CAR-T for second line is better than standard of care, the question is: how about compared to BITE therapy? Future is exciting for those patients.
Five-year follow-up of ZUMA-1 supports the curative potential of axicabtagene ciloleucel in refractory large B-cell lymphoma
Axicabtagene ciloleucel induced long-term survival with no new safety signals in patients with refractory LBCL. Durable responses were associated with expansion of chimeric antigen receptor T cells early after intravenous infusion.
In phase 2 of ZUMA-1, a single-arm, multicenter, registrational trial, axicabtagene ciloleucel (axi-cel) autologous anti-CD19 chimeric antigen receptor (CAR) T-cell therapy demonstrated durable responses at 2 years in patients with refractory large B-cell lymphoma (LBCL). Here, we assessed outcomes in ZUMA-1 after 5 years of follow-up. Eligible adults received lymphodepleting chemotherapy followed by axi-cel (2 × 106 cells per kg). Investigator-assessed response, survival, safety, and pharmacokinetics were assessed in patients who had received treatment. The objective response rate in these 101 patients was 83% (58% complete response rate); with a median follow-up of 63.1 months, responses were ongoing in 31% of patients at data cutoff. Median overall survival (OS) was 25.8 months, and the estimated 5-year OS rate was 42.6%. Disease-specific survival (excluding deaths unrelated to disease progression) estimated at 5 years was 51.0%. No new serious adverse events or deaths related to axi-cel were observed after additional follow-up. Peripheral blood B cells were detectable in all evaluable patients at 3 years with polyclonal B-cell recovery in 91% of patients. Ongoing responses at 60 months were associated with early CAR T-cell expansion. In conclusion, this 5-year follow-up analysis of ZUMA-1 demonstrates sustained overall and disease-specific survival, with no new safety signals in patients with refractory LBCL. Protracted B-cell aplasia was not required for durable responses. These findings support the curative potential of axi-cel in a subset of patients with aggressive B-cell lymphomas. This trial was registered at ClinicalTrials.gov, as #NCT02348216.
Author Affiliations1Division of Cancer Medicine, Department of Lymphoma and Myeloma, The University of Texas MD Anderson Cancer Center, Houston, TX;2Dana-Farber Cancer Institute, Boston, MA;3Division of Medical Oncology, Washington University School of Medicine, St Louis, MO;4Department of Medicine–Med/Blood and Marrow Transplantation, Stanford University School of Medicine, Stanford, CA;5Sylvester Comprehensive Cancer Center, University of Miami Health System, Miami, FL;6Vanderbilt-Ingram Cancer Center, Nashville, TN;7Department of Hematology, Mayo Clinic, Rochester, MN;8Montefiore Medical Center, Albert Einstein College of Medicine, Bronx, NY;9Department of Hematology and Medical Oncology, Cleveland Clinic, Cleveland, OH;10Division of Hematology and Oncology, Department of Medicine, UCLA David Geffen School of Medicine, Los Angeles, CA;11Karmanos Cancer Center, Wayne State University, Detroit, MI;12Department of Medicine, University of Rochester School of Medicine, Rochester, NY;13Loyola University Chicago Stritch School of Medicine, Maywood, IL;14Sarah Cannon Research Institute and Tennessee Oncology, Nashville, TN;15University of Iowa, Iowa City, IA;16John Theurer Cancer Center, Hackensack University Medical Center, Hackensack, NJ;17Colorado Blood Cancer Institute, Denver, CO;18Department of Hematology, Mayo Clinic, Phoenix, AZ;19Division of Lymphoma, City of Hope National Medical Center, Duarte, CA;20Moffitt Cancer Center, Tampa, FL;21Washington University School of Medicine and Siteman Cancer Center, St Louis, MO;22Kite, a Gilead Company, Santa Monica, CA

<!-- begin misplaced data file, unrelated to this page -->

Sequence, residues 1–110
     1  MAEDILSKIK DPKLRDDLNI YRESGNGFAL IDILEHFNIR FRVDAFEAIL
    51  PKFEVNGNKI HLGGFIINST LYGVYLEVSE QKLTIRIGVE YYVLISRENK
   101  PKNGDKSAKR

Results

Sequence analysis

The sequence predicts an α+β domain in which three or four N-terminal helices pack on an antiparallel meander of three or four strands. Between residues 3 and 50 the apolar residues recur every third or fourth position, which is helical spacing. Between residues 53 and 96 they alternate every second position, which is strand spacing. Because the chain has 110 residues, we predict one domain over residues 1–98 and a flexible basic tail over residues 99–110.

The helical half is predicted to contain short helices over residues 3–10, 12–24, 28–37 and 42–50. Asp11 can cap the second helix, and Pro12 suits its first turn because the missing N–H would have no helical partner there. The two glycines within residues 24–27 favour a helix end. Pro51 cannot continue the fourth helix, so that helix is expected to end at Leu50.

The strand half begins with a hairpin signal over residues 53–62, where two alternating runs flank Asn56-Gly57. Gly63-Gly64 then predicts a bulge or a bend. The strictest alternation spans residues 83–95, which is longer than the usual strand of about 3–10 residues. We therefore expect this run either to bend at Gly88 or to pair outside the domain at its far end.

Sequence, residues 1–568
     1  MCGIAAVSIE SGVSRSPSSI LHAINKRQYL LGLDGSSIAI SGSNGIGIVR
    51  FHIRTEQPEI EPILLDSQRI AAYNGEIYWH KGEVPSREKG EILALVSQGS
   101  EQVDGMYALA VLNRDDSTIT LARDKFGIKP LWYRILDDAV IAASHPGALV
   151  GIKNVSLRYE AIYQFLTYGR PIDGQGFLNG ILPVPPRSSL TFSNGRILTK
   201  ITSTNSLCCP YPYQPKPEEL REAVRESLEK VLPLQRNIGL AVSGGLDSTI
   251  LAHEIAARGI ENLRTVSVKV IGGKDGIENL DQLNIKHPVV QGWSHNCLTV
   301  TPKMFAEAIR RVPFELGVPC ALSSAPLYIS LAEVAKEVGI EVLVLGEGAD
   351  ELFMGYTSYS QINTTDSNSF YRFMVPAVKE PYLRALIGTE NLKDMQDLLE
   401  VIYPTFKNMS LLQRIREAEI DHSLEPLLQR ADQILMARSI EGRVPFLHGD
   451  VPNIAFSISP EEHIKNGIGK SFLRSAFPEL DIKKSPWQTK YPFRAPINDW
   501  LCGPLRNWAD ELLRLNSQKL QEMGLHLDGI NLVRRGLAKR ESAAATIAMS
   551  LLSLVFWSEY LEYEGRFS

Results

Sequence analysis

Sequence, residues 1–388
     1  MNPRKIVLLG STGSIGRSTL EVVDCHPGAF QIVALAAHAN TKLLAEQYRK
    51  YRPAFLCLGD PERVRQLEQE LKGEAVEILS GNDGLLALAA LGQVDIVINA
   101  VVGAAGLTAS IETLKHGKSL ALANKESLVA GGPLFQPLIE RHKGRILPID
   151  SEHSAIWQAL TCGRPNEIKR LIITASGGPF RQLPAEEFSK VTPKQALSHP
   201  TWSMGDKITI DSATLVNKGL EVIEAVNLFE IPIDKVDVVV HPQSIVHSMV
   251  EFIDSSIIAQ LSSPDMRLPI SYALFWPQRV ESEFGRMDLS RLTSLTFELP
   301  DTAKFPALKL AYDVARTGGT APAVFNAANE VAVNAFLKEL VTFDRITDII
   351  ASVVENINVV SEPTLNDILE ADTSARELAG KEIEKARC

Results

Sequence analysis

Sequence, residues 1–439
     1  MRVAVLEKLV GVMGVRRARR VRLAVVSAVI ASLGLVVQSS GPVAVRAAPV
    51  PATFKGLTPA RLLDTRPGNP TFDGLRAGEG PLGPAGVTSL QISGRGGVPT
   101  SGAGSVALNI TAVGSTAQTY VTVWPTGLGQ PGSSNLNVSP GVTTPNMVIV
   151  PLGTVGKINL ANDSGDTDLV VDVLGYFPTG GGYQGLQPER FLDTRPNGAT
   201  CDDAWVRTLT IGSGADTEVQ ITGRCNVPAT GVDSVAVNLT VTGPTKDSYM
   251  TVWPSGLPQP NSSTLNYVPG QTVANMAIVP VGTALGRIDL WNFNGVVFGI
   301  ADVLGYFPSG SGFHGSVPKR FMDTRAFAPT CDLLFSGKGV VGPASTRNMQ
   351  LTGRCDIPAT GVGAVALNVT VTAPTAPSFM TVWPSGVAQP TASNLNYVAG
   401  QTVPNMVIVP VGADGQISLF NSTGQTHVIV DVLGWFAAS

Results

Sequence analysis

Pembrolizumab in relapsed or refractory primary mediastinal large B-cell lymphoma: final analysis of KEYNOTE-170
Pembrolizumab in lymphoma, this is not a common one, usually in young females, could be hard to treat.
Not a common disease and not a randomized study, but very good responses seen in oral-Vidaza + CHOP for PTCL.
Zanubrutinib Versus Ibrutinib in Relapsed/Refractory Chronic Lymphocytic Leukemia and Small Lymphocytic Lymphoma: Interim Analysis of a Randomized Phase III Trial
Is ibrutininb’s days as a treatment for CLL over? Zanubrutinib is more effective and less toxic.
This is not a trial, but really a very nice review article, too. A good read especially as we may start prescribing those meds locally.